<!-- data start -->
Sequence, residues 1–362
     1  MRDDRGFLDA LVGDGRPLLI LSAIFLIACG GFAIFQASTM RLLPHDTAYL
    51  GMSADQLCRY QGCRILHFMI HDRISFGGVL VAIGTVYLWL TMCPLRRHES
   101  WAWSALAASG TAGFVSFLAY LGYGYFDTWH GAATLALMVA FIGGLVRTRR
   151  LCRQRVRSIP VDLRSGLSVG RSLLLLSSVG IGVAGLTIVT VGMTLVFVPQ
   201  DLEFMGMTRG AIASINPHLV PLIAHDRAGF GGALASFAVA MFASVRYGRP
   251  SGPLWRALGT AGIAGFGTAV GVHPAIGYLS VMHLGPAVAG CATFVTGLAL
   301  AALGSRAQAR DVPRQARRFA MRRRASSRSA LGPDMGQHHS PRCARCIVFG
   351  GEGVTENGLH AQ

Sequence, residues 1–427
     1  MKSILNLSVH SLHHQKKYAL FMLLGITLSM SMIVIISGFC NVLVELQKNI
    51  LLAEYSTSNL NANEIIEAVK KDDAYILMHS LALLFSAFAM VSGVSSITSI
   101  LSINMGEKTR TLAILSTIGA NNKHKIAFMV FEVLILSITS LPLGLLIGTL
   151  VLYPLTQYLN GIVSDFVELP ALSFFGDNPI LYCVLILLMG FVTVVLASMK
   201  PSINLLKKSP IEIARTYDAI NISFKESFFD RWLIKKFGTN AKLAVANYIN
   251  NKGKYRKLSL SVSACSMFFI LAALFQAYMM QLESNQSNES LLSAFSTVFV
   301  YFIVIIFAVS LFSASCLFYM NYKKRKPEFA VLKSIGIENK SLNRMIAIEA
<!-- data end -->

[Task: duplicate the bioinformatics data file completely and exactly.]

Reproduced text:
Sequence, residues 1–362
     1  MRDDRGFLDA LVGDGRPLLI LSAIFLIACG GFAIFQASTM RLLPHDTAYL
    51  GMSADQLCRY QGCRILHFMI HDRISFGGVL VAIGTVYLWL TMCPLRRHES
   101  WAWSALAASG TAGFVSFLAY LGYGYFDTWH GAATLALMVA FIGGLVRTRR
   151  LCRQRVRSIP VDLRSGLSVG RSLLLLSSVG IGVAGLTIVT VGMTLVFVPQ
   201  DLEFMGMTRG AIASINPHLV PLIAHDRAGF GGALASFAVA MFASVRYGRP
   251  SGPLWRALGT AGIAGFGTAV GVHPAIGYLS VMHLGPAVAG CATFVTGLAL
   301  AALGSRAQAR DVPRQARRFA MRRRASSRSA LGPDMGQHHS PRCARCIVFG
   351  GEGVTENGLH AQ

Sequence, residues 1–427
     1  MKSILNLSVH SLHHQKKYAL FMLLGITLSM SMIVIISGFC NVLVELQKNI
    51  LLAEYSTSNL NANEIIEAVK KDDAYILMHS LALLFSAFAM VSGVSSITSI
   101  LSINMGEKTR TLAILSTIGA NNKHKIAFMV FEVLILSITS LPLGLLIGTL
   151  VLYPLTQYLN GIVSDFVELP ALSFFGDNPI LYCVLILLMG FVTVVLASMK
   201  PSINLLKKSP IEIARTYDAI NISFKESFFD RWLIKKFGTN AKLAVANYIN
   251  NKGKYRKLSL SVSACSMFFI LAALFQAYMM QLESNQSNES LLSAFSTVFV
   301  YFIVIIFAVS LFSASCLFYM NYKKRKPEFA VLKSIGIENK SLNRMIAIEA